am constantly extoling the virtues of the rail sector as a career and technology destination. Forever singing the praises of those whom I am lucky enough to come across through work… from amazing passengerfacing staff on trains or at ticket desks, to industry colleagues wreaking great change, quietly, unassumingly. People supporting all manner of STE(A)M activities (i.e. promoting science, technology, engineering, (sometimes, but not often enough: arts) and maths). Recruiters of all specialisms ensuring that new faces are placed appropriately in new roles. Collectively we are brilliant. Regionally we are challenged. Today some shocking statistics sank in that challenged my optimism and caused this viewpoint. I started writing this article long before it would get to print. I scrapped all of that prep and restarted it a week after my deadline because the North, its potential, and its problems have been highlighted to me over the course of the last few days more than ever before. On Thursday 7th February Transport for the North (TfN) held a board meeting. By the close of that meeting it was agreed that TfN would submit a Strategic Outline Business Case to Government; that it would submit proposals ‘to invest up to £39 billion in a modern rail network for the North … with one voice’ with the express purpose to call on Government to fully commit to Northern Powerhouse Rail; in some corridors still referred to as Crossrail for the North. That same night I attended a dinner at the Doncaster campus of the National College for High Speed Rail. Tim Wood, Director of Northern Powerhouse Rail at TfN was keynote. An ambition stated was for the North to have detailed, agreed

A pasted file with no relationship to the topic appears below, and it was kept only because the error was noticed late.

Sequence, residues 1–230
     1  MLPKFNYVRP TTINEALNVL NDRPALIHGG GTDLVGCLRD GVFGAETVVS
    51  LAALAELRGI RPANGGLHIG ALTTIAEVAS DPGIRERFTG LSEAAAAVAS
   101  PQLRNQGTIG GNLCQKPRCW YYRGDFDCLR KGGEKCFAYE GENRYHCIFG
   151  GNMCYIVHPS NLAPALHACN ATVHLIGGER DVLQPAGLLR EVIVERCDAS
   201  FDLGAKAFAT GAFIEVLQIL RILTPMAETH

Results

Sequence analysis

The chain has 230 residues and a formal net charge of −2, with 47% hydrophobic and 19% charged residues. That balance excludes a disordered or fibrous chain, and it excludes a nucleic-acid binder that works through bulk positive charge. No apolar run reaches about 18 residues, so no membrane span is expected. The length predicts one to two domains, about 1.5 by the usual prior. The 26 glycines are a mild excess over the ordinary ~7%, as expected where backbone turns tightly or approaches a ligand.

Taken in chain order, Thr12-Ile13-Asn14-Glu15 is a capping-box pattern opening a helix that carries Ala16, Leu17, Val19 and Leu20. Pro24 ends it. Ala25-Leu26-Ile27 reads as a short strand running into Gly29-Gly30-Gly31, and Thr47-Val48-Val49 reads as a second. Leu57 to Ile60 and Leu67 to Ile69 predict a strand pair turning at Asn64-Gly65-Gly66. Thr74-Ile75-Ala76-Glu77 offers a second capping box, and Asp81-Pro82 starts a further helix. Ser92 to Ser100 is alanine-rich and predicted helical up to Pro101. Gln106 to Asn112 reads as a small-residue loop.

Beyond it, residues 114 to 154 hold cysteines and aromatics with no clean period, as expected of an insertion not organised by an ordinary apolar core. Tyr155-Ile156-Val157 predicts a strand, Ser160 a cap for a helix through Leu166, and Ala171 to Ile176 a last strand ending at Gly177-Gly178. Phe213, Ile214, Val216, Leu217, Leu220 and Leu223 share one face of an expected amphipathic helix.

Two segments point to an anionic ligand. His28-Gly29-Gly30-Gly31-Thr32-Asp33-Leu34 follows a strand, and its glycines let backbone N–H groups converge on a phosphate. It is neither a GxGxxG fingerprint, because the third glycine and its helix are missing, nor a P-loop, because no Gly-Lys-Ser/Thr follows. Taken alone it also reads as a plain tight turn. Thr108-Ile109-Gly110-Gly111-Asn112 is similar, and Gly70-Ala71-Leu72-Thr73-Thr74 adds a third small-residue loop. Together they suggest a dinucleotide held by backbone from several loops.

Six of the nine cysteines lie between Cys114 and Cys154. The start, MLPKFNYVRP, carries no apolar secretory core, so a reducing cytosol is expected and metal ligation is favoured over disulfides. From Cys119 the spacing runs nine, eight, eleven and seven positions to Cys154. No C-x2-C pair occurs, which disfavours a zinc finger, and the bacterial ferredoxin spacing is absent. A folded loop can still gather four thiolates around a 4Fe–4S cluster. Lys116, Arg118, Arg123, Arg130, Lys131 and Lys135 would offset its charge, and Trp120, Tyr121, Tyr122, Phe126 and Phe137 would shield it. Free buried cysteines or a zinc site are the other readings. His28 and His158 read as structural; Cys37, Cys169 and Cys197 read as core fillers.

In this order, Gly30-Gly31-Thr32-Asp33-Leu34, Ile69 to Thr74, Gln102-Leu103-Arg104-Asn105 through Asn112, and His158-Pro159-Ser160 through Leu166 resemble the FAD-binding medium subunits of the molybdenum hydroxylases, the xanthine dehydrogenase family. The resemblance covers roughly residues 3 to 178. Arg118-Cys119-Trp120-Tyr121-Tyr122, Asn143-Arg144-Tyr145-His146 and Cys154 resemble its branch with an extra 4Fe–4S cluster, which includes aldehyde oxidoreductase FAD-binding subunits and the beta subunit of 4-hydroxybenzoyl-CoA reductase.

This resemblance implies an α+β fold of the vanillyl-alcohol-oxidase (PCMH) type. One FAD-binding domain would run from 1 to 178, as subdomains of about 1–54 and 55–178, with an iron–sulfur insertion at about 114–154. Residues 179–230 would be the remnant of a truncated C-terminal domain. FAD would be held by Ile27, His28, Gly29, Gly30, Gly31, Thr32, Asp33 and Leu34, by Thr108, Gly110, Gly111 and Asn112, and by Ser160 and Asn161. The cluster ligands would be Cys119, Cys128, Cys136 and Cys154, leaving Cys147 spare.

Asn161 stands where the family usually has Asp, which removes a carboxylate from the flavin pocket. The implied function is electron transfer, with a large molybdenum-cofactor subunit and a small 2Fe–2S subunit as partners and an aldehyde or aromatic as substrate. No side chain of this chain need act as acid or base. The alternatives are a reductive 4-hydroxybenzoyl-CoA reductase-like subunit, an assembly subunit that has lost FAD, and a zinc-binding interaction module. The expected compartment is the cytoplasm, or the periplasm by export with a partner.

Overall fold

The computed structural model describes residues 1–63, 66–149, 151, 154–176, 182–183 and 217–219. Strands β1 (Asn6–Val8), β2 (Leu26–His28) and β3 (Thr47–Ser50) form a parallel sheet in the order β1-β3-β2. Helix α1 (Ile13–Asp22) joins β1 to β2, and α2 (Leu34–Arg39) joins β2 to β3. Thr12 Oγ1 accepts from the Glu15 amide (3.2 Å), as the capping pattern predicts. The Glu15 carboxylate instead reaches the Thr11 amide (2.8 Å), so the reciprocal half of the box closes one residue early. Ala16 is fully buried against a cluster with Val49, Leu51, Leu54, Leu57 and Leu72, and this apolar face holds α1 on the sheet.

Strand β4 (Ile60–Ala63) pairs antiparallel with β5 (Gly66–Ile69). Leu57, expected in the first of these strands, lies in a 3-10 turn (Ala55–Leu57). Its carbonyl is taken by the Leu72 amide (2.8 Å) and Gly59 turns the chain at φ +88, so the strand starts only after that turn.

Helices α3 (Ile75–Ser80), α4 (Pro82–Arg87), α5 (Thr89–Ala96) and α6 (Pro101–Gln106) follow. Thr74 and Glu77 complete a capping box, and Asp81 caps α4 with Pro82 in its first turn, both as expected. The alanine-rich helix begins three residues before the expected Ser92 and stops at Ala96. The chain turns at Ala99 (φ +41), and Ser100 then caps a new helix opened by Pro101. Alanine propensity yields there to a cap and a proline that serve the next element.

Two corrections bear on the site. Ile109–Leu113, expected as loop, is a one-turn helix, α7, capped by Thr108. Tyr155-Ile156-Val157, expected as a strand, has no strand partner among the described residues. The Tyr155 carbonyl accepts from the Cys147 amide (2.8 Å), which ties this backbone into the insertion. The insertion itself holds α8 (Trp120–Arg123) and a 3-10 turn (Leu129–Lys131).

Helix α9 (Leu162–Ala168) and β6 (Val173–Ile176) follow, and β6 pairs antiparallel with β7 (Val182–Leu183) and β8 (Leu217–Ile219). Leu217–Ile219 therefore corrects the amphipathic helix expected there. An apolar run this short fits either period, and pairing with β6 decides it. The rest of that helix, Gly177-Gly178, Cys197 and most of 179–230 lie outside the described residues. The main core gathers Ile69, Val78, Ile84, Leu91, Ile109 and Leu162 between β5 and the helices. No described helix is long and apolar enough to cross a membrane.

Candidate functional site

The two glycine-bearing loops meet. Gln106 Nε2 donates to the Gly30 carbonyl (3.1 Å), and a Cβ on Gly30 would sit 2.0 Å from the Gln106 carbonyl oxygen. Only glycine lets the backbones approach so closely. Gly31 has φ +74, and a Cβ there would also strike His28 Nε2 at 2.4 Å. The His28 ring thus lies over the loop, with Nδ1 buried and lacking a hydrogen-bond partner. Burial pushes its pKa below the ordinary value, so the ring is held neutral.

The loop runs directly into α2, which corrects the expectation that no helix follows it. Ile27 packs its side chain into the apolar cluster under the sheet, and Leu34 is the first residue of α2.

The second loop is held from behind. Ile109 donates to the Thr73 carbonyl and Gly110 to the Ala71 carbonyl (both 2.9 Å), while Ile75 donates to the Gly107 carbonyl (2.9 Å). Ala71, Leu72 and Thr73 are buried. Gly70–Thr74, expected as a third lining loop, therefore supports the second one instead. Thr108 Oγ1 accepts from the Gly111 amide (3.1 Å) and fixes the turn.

consent by 2020, with spades in the ground by 2024. Only five years away. My daughter will be 14 by then, selecting her options at school, starting to shape her own direction and careers choices (NB: plural, more on that some other time). That is the very nearfuture. The next Control Period. We should be two years into HS2 phase two by then. So why was my optimism challenged? Because fourteen hours before writing this article from scratch, the abstract facts I first read in the 2016 Northern Powerhouse Independent Economic Review were repositioned, updated, emphasised in my re-reading of TfN’s Strategic Transport Plan. How upsetting is this for a proud Northerner to read: the ‘Index of Multiple Deprivation (IMD) data shows that 14 of the 20 English towns and cities with the highest levels of deprivation are in the North… overall productivity in the North still trails behind the UK average. …. Most recent data reveals that gap has widened further